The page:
Avocadoin Mexican culture
Foodis an important product in the life of all living things. Foodsupports life by providing the needed energy to support key processesin the body that sustain life. However, food is just about sustaininglife but also a way of life and a celebration of culture. Differentcultures have different types of foods usually grown in theirlocality prepared in different ways and even prepared using differenttools. It is for this reason that food is viewed as an important partof culture that defines a people. Mexican culture as practiced inMexico and by Mexicans all over the world more so in the US, avocadosform a core food ingredient and an important part of the Mexicanculture as this essay intends to portray.
Beforeengaging in discussing avocados and how they are relevant to theMexican food culture, it is important to delve deeper and describeand understand the origins and history of avocados. The fruitoriginated in the Mexican state of Puebla with evidence dating as farback 10,000 B.C having been discovered (Thomson, 2001). The tree,PerseaAmericana,that bears avocado fruits can grow to heights of 80 feet and remainproductive for up to 200 years. The actual fruit can weigh 1-4 poundsand mature trees produce 100-400 fruits per crop. The fruit is alsoknown colloquially as alligator pear probably due to its rough skinand green color when raw similar to an alligator. These fruits oftentimes ripen after harvesting and they may change color from green tobrown or purplish or black after maturation or after ripeningdepending on variety. The fruits can be pear shaped, spherical,knobbed, or egg shaped (Avocados 2014). They have a fleshy outerlayer which is the edible part which can range from light green toegg yellow and a large single near-spherical seed at the center.
Allthe varieties available in Mexico are a major food component. Theyare consumed alone as a fruit or used as an accompaniment oringredient in preparation of other foods. The most popular and mostrecognizable food prepared from avocados is guacamole. Guacamole istype of dip or sauce made primarily of mashed avocado, tomato, chili,and sometimes seasoned with lime juice. Other ingredients such asonions, yoghurt, basil and salt maybe added depending on personaltaste (Tatum, 472). This is not only popular among Mexicans but hasbeen adapted in the US both by Americans both of Mexican andnon-Mexican ethnicity. The avocado fruit flesh is not the only ediblepart of the avocado.
Leavesand skins from one or two varieties are also consumed. Leaves fromthe criollo variety are used in preparing soups and its skin can beconsumed together with the flesh (Tatum, 472). This variety is muchsmaller in size and has a darker shade of brown than the conventionalvarieties. The leaves from these trees are used fresh or toasted toadd flavor to soups, stews, wrapping tamales and in barbacoam. Lighttoasting is done to boost the flavor and aroma (Towell and Vargas42). In some places where the criollo variety is not common, the Hassvariety which has larger and knob shaped fruits cab be used in asimilar manner as criollo for preparing soups from leaves. Thedevelopment of hybrid varieties has increased the use of avocados.Other common varieties include Bacon, Gwen, Pinkerton and Zutano.Some groups of people hold unique beliefs about avocados as acultural food.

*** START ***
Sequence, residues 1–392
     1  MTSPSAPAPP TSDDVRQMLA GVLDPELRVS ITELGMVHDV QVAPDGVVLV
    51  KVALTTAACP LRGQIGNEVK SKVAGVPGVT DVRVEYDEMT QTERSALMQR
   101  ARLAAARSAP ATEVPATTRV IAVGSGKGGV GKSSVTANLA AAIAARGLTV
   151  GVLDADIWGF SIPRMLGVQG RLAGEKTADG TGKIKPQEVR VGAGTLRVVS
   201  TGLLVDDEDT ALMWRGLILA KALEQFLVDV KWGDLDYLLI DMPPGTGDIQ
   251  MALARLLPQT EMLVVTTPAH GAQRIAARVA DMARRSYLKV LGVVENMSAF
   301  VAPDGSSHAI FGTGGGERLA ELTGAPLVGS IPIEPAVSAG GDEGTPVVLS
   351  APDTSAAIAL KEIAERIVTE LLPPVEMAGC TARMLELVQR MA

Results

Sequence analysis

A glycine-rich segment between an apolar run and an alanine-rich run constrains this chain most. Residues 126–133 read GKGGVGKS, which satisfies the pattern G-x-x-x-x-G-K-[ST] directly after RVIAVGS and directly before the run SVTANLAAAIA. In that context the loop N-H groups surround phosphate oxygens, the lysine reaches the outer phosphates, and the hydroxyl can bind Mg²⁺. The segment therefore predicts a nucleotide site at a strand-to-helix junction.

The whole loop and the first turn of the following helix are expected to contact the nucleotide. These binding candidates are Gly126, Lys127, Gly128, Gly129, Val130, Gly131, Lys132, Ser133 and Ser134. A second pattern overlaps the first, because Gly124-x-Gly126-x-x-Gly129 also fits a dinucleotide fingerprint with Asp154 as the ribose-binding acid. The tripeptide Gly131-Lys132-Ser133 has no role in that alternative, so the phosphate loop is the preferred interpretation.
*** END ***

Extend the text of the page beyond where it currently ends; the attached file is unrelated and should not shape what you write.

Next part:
Forinstance, during day of the dead celebration, a day set aside toremember the dead, avocados are served as part of a meal to the dead.In this three day celebration, families prepare food for departedmembers and deliver them at their graves. The graves are decoratedwith flowers such as marigold and the favorite food and beverages ofthe departed are served to them in the private and decorated altars.Avocado is served this way in most cases as guacamole. Others beliefthat avocado cannot only appease the dead but also the living in adifferent way.
SomeMexicans believe that avocados have aphrodisiac properties. Thisbelief has been carried on from a long time ago based on the originalnaming of the fruit as ahuacate in Aztec language which directlytranslates to testicles. Historians believe that the Aztec naming ofthe fruit as ‘testicle’ emanates from the similarity of the fruitand the testicle in shape. Today, a significant percentage ofMexicans recommend avocado for its aphrodisiac properties though noscientific evidence has proved it. In fact, the belief in avocados’aphrodisiac properties among ancient Mexicans around 8thCentury BCE was so strong that only men were allowed to harvest thefruit and some men were buried with the seeds of avocado fruit in thebelief that they might need aphrodisiac help in their next life (Yoon2006). With increased information and awareness, today the avocado ismore of nutritional and cultural food than an aphrodisiac.
MoreMexicans recognize the value of avocados as cultural food and anutritional food. There is no evidence in slowing down theconsumption of this fruit. Again, as Mexican food becomesincreasingly popular in the US and other parts of the world, avocadoswill find even better use in the culinary department as they interactwith other cultures.
Avocados.2014. 9thDec 2014. Web.
Tatum,Charles. Encyclopediaof Latino Culture: From Calaveras to Quinceaneras.New York:
ABC-CLIO. 2013. Print.
Thomson,Michael. HolyGuacamole! A Short History of the Avocado.March 2001. 9thDec
Towell,Long and Luis Vargas. FoodCulture in Mexico.New Jersey:GreenwoodPublishing
Yoon,Howard. What`s in a Name? The Avocado Story. July19, 2006.